Yes, of course normally the ruler is chosen according to the country's constitution. But if you have a violent revolution, then you can do what you like as long as you have the force to do it. If you have the army on your side, that really helps.
So yes, if you get control of the reins of power, say as in this case by taking over the important government buildings, you can get away with almost anything. Of course it mattered WHICH buildings!
There are all kinds of examples throughout history. Take the French Revolution - the people hated the monarchy and the way it didn't care about ordinary people, they rose up against the king, and by sheer force of numbers they could take over (and execute the king once they got their hands on him). The English Civil War - the king annoyed Parliament so much that eventually they went to war with each other, Parliament won, they tried the king for treason and beheaded him. That trial was strictly illegal but as I said, if you've got the army on your side, who's going to argue and get shot? Going a lot further back in English history, there was the Norman Conquest of 1066 - the Normans invaded, killed the king at the Battle of Hastings, and took over the country because they had the force to do it. England was ruled in French for the next 300 years (which explains why our language has so many French words in it, including just about everything to do with law and order).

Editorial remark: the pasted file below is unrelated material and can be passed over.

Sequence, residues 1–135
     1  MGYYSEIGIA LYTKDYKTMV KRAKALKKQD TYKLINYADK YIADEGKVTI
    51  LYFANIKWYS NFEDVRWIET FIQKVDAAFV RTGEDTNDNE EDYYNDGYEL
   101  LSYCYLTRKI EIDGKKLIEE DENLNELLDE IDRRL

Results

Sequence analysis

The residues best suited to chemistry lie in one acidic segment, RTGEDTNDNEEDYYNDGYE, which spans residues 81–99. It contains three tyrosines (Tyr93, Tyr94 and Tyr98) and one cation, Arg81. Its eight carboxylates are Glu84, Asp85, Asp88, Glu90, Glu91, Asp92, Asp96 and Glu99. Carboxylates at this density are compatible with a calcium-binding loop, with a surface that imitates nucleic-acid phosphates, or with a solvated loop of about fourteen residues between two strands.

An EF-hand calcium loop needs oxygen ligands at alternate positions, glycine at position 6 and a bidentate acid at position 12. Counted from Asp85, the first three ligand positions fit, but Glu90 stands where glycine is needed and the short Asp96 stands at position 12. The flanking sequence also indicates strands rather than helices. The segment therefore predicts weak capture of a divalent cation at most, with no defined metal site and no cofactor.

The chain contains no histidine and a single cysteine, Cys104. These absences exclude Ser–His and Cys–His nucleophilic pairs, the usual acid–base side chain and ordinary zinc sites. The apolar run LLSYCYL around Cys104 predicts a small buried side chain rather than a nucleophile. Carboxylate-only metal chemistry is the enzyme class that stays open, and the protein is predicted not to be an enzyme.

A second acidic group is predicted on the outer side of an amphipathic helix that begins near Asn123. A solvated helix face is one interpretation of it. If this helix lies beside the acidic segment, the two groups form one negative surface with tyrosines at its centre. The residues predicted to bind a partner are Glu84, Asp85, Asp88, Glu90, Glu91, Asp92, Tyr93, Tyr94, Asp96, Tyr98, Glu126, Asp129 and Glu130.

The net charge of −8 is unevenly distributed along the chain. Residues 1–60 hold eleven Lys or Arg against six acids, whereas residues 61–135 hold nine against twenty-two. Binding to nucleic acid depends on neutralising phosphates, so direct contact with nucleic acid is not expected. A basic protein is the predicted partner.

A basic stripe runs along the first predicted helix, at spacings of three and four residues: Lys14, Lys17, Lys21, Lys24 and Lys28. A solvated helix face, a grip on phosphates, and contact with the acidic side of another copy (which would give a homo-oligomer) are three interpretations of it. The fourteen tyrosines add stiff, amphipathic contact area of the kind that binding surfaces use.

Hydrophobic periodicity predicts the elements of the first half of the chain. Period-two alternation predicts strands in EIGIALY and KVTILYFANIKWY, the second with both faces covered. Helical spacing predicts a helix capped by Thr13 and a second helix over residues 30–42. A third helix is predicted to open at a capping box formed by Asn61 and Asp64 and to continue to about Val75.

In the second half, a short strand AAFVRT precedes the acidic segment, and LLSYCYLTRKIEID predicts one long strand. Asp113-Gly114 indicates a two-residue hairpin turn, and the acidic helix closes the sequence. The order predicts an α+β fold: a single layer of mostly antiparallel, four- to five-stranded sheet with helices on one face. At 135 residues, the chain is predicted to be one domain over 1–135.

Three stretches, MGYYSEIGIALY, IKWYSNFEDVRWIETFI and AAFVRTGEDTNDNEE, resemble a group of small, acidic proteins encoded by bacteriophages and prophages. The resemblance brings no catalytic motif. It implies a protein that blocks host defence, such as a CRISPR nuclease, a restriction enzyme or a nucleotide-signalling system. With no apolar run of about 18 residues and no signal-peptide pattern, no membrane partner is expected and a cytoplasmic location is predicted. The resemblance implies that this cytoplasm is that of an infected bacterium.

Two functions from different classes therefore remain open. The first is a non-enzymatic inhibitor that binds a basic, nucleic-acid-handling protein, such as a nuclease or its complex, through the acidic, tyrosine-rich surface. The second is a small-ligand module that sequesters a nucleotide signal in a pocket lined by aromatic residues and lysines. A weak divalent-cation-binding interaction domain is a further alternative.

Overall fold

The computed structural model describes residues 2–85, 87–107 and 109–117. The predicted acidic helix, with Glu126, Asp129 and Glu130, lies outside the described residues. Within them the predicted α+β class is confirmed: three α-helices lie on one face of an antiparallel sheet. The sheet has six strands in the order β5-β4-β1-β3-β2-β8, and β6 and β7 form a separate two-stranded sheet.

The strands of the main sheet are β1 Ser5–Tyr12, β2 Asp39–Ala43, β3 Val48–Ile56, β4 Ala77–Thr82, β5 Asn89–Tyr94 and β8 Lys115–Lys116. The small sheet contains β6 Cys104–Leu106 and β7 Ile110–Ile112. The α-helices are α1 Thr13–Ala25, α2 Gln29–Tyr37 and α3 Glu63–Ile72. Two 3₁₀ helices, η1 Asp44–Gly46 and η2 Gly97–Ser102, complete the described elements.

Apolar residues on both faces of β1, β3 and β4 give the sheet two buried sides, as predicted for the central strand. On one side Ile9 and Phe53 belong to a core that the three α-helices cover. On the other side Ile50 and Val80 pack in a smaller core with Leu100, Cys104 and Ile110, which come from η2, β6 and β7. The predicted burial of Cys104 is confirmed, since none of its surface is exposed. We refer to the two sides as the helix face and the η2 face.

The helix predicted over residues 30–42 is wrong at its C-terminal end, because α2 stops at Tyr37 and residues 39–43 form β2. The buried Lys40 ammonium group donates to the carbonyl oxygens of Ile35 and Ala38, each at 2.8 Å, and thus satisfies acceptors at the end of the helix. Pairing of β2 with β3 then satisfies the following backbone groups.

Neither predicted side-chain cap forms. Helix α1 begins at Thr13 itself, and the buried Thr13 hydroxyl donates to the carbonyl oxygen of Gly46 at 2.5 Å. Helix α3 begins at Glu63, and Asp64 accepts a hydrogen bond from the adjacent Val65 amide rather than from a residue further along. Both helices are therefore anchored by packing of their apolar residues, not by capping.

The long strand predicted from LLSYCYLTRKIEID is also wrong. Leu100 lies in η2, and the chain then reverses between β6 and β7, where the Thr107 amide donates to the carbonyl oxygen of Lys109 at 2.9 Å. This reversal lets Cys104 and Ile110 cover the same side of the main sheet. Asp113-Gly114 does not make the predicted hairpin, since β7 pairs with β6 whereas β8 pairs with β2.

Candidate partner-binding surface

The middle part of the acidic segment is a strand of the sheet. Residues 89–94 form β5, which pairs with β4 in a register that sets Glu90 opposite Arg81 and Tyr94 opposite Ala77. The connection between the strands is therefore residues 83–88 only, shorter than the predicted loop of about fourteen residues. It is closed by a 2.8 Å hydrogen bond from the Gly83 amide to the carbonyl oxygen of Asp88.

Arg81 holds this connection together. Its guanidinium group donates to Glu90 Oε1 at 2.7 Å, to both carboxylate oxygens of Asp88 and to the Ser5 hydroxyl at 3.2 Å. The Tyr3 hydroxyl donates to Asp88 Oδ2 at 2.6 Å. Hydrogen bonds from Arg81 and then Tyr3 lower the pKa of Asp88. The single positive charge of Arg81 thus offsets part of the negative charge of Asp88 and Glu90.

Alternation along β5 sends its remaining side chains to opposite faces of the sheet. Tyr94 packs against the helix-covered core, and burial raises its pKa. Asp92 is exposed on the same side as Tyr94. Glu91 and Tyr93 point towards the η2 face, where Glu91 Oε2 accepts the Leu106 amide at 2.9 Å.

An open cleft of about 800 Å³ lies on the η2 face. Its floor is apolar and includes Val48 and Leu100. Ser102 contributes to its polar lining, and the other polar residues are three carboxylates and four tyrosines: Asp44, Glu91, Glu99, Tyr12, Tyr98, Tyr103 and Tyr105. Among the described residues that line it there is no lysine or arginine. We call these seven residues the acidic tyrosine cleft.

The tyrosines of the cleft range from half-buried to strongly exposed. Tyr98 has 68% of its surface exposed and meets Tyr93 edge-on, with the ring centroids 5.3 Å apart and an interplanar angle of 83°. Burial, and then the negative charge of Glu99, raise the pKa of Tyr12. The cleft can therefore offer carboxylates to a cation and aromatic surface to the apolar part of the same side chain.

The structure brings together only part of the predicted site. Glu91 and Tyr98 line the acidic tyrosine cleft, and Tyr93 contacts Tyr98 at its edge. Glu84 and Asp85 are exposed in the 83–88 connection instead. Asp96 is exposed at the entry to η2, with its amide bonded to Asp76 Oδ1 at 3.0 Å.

South American countries have so often had revolutions and again it's all by force of arms. It happened in Greece not so long ago - there was a military takeover that forced the king out in 1967, and ex-King Constantine has been living in England ever since. Just last year in Zimbabwe, President Mugabe was forced out and that was basically engineered by the army. Fortunately Mugabe could "see the writing on the wall" and resigned before he was pushed out.
I could go on and on - but yes law and order will go right out of the window if you can take over by force. In war, anything can happen and it's so often a matter of picking up the pieces afterwards. Be thankful for living somewhere where the law on who should govern actually IS followed! That probably accounts for less than half the countries in the world, even now.